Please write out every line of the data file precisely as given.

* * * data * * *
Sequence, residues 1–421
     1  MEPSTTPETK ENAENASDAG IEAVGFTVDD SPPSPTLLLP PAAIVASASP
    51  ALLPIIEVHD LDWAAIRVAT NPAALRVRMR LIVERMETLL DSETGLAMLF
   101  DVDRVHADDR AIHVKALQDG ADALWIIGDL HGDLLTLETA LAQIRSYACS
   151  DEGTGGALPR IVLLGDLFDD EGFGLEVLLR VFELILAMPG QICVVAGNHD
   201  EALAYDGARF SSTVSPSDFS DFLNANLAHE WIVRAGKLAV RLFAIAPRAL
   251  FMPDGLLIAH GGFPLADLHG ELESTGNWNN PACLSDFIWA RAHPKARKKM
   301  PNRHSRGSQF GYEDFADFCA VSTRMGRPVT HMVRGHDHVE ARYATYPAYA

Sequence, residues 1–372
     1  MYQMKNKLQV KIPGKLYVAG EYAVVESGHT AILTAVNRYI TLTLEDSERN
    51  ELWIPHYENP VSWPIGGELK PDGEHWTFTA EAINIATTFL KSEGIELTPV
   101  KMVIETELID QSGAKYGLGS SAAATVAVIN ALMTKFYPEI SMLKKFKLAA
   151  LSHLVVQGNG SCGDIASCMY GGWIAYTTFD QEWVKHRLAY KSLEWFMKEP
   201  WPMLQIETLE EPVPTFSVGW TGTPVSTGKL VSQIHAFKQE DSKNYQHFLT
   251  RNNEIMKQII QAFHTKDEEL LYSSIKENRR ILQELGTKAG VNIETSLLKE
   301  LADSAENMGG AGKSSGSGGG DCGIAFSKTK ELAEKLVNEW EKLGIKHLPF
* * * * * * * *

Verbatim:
Sequence, residues 1–421
     1  MEPSTTPETK ENAENASDAG IEAVGFTVDD SPPSPTLLLP PAAIVASASP
    51  ALLPIIEVHD LDWAAIRVAT NPAALRVRMR LIVERMETLL DSETGLAMLF
   101  DVDRVHADDR AIHVKALQDG ADALWIIGDL HGDLLTLETA LAQIRSYACS
   151  DEGTGGALPR IVLLGDLFDD EGFGLEVLLR VFELILAMPG QICVVAGNHD
   201  EALAYDGARF SSTVSPSDFS DFLNANLAHE WIVRAGKLAV RLFAIAPRAL
   251  FMPDGLLIAH GGFPLADLHG ELESTGNWNN PACLSDFIWA RAHPKARKKM
   301  PNRHSRGSQF GYEDFADFCA VSTRMGRPVT HMVRGHDHVE ARYATYPAYA

Sequence, residues 1–372
     1  MYQMKNKLQV KIPGKLYVAG EYAVVESGHT AILTAVNRYI TLTLEDSERN
    51  ELWIPHYENP VSWPIGGELK PDGEHWTFTA EAINIATTFL KSEGIELTPV
   101  KMVIETELID QSGAKYGLGS SAAATVAVIN ALMTKFYPEI SMLKKFKLAA
   151  LSHLVVQGNG SCGDIASCMY GGWIAYTTFD QEWVKHRLAY KSLEWFMKEP
   201  WPMLQIETLE EPVPTFSVGW TGTPVSTGKL VSQIHAFKQE DSKNYQHFLT
   251  RNNEIMKQII QAFHTKDEEL LYSSIKENRR ILQELGTKAG VNIETSLLKE
   301  LADSAENMGG AGKSSGSGGG DCGIAFSKTK ELAEKLVNEW EKLGIKHLPF